I did not blog at all Wednesday (my first official day at the JMM), because I was co-organizing an AMS Special Session with Lola Thompson from 8am to 6:15pm, attended the AWM reception, and then I was beat! Anyway, I thought instead of the usual rundown of the session, I would take this opportunity to give some pointers and tips on organizing an AMS Special Session! It’s never too early to start thinking about the next meeting.
This afternoon the MAA-AMS-SIAM Gerald and Judith Porter Public Lecture was given by Cathy O’Neil, “Big data, inequality, and democracy.”
O’Neil started by giving on overview of what she calls a Weapon of Math Destruction. They are “creepy algorithms,” O’Neil says, ones that are used by large groups of people to make important decisions, and they are algorithms that are secret and unfair. O’Neil has talked about these sorts of algorithms on her blog and in her column for Bloomberg View.
This morning when I came in to the JMM I ran into a friend, who promptly said hello to Satyan Devadoss and made him drop all of his papers. He was delightful about the encounter as we helped him pick up everything. He was even more delightful a few hours later in the first MAA Contributed Paper Session on Mathematics and the Arts, when he and coauthor Diane Hoffoss presented their “Unfolding Humanity” project.
The $45,000, 6500 person-hour project was based on an idea from three University of San Diego undergraduates who had taken Devadoss’s fall 2018 geometry course. As Devadoss put it,
The nerdiness for all this comes for us as how do we build a large-scale sculpture based on unsolved mathematics?
This morning Ben Orlin gave the MAA Lecture for Students and Teachers, “Tic-Tac-Toe (or, What is Mathematics?)” as part of a day-long series of public lectures at the JMM. Orlin writes the blog Math With Bad Drawings, which was recently developed into a book of the same name. A charming high school math teacher with a knack for capturing poignant observations about math with google-eyed stick figures, his talk did not disappoint.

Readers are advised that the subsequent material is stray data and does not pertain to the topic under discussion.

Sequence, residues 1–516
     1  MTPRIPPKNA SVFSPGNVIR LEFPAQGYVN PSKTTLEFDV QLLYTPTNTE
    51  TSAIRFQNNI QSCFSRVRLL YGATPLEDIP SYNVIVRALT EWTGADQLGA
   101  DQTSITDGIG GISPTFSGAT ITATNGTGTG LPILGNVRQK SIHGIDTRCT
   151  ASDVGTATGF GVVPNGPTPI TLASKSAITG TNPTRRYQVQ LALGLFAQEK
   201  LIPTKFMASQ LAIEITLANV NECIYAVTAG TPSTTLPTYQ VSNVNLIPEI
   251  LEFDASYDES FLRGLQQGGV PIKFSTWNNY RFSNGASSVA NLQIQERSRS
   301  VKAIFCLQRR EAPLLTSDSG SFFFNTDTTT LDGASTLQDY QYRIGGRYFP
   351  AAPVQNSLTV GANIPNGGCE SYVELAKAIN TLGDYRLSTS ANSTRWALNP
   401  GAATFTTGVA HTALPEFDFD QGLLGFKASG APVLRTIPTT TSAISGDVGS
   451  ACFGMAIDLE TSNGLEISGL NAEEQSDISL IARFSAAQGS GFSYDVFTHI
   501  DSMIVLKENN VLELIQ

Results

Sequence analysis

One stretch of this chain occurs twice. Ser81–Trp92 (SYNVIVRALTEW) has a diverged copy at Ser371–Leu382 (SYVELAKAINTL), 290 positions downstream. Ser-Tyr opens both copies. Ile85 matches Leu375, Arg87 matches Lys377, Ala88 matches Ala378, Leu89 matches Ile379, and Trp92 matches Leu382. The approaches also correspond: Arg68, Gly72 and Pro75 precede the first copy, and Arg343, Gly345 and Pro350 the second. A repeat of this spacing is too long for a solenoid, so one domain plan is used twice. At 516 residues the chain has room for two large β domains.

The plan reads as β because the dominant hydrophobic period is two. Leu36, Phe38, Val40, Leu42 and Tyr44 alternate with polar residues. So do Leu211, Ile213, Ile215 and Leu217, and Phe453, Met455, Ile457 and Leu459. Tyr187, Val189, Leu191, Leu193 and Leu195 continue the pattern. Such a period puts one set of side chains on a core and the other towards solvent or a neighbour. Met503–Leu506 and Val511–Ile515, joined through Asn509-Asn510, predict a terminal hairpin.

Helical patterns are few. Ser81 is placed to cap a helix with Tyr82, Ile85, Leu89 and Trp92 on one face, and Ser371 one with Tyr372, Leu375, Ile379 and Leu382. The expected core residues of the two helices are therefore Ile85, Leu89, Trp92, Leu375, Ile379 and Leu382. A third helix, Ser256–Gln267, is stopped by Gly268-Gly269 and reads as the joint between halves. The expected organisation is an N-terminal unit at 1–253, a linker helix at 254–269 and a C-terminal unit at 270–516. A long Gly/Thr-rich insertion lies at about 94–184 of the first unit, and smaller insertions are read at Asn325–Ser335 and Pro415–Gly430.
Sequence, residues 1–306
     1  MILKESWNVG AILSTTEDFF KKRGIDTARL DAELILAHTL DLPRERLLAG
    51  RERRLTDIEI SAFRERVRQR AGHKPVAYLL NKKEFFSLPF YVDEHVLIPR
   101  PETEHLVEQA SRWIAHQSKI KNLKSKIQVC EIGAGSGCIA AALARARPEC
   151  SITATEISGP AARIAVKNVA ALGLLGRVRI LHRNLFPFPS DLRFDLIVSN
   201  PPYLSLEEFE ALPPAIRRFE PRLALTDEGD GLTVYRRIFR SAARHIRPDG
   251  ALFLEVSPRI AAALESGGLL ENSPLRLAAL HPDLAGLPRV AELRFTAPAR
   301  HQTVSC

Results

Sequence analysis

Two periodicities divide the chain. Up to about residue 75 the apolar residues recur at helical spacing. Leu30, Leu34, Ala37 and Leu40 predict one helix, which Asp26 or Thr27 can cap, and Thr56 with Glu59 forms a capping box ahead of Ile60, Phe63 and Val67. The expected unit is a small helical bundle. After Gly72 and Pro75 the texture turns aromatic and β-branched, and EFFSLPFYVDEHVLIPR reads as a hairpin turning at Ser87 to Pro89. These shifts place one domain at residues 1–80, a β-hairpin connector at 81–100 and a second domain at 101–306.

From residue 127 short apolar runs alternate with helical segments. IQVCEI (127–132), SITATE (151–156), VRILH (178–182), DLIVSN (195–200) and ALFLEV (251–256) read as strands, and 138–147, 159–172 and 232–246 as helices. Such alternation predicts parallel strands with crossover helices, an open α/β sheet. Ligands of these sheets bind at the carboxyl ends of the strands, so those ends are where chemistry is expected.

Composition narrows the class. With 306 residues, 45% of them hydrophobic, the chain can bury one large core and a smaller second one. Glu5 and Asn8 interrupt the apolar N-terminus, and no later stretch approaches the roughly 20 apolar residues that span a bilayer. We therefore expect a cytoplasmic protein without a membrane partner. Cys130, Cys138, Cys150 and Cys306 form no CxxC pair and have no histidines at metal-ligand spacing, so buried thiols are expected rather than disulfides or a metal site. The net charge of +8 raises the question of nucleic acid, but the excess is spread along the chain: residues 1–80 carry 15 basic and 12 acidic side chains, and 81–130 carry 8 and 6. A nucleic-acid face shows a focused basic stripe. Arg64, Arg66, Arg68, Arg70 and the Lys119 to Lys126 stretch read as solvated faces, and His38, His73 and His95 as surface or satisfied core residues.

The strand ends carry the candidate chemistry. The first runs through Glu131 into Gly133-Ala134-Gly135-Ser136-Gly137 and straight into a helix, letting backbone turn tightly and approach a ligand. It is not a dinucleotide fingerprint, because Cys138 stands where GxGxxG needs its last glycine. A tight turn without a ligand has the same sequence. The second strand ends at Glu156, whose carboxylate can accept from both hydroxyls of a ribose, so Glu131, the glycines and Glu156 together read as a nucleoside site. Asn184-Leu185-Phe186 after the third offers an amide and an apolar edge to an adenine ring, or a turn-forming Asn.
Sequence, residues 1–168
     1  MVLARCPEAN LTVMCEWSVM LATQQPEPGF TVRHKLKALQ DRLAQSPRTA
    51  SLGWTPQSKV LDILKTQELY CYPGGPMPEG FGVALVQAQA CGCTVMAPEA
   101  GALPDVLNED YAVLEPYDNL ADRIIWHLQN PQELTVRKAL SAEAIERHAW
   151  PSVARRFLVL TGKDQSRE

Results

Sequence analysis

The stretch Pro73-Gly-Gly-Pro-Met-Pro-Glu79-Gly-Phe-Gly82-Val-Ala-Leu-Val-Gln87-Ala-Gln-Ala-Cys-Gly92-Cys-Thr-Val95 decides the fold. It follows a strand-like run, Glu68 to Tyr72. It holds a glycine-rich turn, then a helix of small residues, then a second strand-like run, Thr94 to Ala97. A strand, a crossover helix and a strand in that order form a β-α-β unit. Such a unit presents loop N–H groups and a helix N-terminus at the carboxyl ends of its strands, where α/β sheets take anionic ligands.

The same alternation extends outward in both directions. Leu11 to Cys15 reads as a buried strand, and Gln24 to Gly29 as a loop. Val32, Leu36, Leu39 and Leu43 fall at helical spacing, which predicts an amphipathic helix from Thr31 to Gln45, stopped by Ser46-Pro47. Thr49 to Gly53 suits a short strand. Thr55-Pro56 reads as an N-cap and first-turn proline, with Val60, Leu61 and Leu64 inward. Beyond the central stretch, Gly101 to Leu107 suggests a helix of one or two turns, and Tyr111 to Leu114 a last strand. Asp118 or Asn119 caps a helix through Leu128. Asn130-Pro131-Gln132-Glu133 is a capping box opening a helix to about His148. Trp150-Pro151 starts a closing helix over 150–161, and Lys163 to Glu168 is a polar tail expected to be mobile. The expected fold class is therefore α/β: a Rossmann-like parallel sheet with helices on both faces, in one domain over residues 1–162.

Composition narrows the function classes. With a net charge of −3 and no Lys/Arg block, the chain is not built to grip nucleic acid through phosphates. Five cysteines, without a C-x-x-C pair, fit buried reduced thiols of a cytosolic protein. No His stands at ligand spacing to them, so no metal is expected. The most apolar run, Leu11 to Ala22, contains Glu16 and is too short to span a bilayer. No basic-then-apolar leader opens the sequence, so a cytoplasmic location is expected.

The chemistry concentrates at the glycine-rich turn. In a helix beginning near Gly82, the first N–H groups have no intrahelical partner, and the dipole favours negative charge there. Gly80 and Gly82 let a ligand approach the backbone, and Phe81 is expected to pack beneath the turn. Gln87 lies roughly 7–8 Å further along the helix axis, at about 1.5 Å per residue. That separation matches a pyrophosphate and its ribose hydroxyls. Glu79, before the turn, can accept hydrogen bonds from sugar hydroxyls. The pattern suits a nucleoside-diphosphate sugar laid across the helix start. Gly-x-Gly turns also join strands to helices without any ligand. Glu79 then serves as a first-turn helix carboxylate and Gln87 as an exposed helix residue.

When I first met my husband, he had just attended the wedding of his ex-girlfriend of six years. He told me about that unsteady Sliding Doors– type feeling during the toasts and comments about the bride, because he knew all of those inside jokes and funny quirks that make her so lovable (and she is great!) It’s a “that could’ve been me” feeling- not a “that should be me”, but just, if the sun came out a minute later one day or the toast wasn’t burned another day or you had stopped to talk to that student, everything could’ve been different. That’s an approximation of how I’ve felt at these meetings.
Hi! I’m Yen, professional writer and JMM 2019 blogger and also math Ph.D. An old REU friend I hadn’t seen in ten years asked me yesterday what piece I am most proud of, and I told her it was this one in the Notices:
The afternoon was off to a good start for the blogging team. We started at the MAA Project NExT reception to celebrate 25 years of Project NeXt. We met fellow NExTers and got some valuable lessons on networking etiquette from NExT director David Kung and current AMS Congressional Fellow James Ricci. Apparently one should always say “nice to see you” rather than “nice to meet you” just in case, and you should always hold your drink in the left hand to avoid the dreaded clammy handshake (a piece of advice that I apparently failed to internalize).
Your faithful bloggers take an afternoon respite at the MAA Project NExT champagne and cake reception.
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